Thursday, August 21, 2014

Who Wants to Live Forever?

In 1986, the rock band Queen asked a simple question, "Who wants to live forever?"  Everyone has asked that question, and Dr. Elizabeth Blackburn and her team won a Noble Prize in pursuit of that discovery.  They found an answer the the biological cause of aging: telomeres.  Jalees Rehman wrote an extensive piece on the topic on SciAm's blog page.

Telomeres protect the ends of our chromosomes
Not long after the discovery of telomeres and their enzyme, telomerase, people began dreaming of a magical elixir of life to reverse aging.  Aging is, unfortunately, a very natural process.  As cells live, they because damaged due to various forms of stress and attack.  To survive, they must reproduce to make more cells.  This requires the replication of the genome.  DNA synthesis splits open the double helix and copies the unpaired nucleotides to produce an identical strand.  Well, almost identical.  The ends of the chromosomes get a little bit difficult and some parts of the ends don't get copied.  The best analogy is the ends of a string.  The ends fray the longer it gets used.  So how do you protect the ends?  Shoe laces have plastic covers called aglets, and your DNA has a telomere.  The telomere is noncoding DNA at the end of a chromosome.  A little bit of the telomere frays away every time the cell divides.  This determines the lifespan of the cell.  Once the telomere erodes away, important coding genes become damaged and the cell must die.  The accumulation of this type of death is called aging.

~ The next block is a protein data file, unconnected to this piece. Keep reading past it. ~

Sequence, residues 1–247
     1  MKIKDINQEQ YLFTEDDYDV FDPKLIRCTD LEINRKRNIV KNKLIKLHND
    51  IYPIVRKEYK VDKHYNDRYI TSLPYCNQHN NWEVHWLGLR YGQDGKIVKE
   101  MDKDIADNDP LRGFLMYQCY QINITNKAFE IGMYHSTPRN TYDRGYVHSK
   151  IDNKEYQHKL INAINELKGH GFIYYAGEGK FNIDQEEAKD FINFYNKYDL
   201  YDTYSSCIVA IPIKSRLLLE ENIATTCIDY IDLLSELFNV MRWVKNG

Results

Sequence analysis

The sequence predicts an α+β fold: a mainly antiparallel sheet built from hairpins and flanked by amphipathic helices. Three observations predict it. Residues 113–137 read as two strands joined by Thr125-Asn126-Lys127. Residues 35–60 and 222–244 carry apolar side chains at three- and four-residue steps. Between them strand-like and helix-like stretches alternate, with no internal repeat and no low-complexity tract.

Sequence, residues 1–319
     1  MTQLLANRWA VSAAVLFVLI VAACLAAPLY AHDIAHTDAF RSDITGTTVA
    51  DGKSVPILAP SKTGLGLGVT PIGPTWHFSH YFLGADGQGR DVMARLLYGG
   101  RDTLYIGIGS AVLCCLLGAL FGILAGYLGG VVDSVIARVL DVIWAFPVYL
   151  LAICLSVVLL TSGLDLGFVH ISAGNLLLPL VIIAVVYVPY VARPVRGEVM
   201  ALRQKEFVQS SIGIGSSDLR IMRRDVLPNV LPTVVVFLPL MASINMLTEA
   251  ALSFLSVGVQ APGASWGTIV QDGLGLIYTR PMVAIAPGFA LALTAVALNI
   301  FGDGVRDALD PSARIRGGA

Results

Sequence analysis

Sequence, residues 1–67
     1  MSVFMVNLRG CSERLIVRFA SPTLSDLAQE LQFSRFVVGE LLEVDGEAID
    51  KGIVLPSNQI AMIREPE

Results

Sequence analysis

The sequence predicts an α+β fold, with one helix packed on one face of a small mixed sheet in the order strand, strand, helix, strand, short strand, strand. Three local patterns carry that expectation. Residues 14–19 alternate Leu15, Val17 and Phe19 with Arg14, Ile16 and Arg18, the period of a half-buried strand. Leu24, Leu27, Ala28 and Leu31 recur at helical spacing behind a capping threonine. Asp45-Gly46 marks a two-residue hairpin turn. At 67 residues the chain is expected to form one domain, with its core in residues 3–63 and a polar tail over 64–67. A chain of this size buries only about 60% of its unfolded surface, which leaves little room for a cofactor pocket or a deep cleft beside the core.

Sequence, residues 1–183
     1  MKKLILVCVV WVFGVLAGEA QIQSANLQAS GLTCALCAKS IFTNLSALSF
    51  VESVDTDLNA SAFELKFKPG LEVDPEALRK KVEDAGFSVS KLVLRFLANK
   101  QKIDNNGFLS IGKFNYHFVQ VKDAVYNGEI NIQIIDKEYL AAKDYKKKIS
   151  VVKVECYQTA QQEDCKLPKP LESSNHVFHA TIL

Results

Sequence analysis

Dr. Blackburn learned that a sample of DNA can provide enough information to learn about a person's health.  People with longer telomeres were biologically younger, even if not chronologically.  Those with short telomeres were three times more likely to have cancer.  Cancer cells have activated telomerase that repairs the vanishing telomeres producing a cell that never dies.  Cancers cause problems because they have too much telomerase.  Every cell has telomeres, but not every cell has telomerase.  This is so that cells can naturally die out of the way, but cancer messes that system up.

So having too little telomeres can cause the problems of aging.  Too much telomerase can cause the problems of cancer.  Then the healthiest has to be right in the middle.  So their might not be a magic potion to reverse aging and rebuild our telomeres.  At least not without significant risks.  Instead, have have to protect the telomeres we have.  Reduce the stress we put on our cells and let them live out their full potential.  You won't live forever, but you might make it a long time.  Besides, who wants to live forever?

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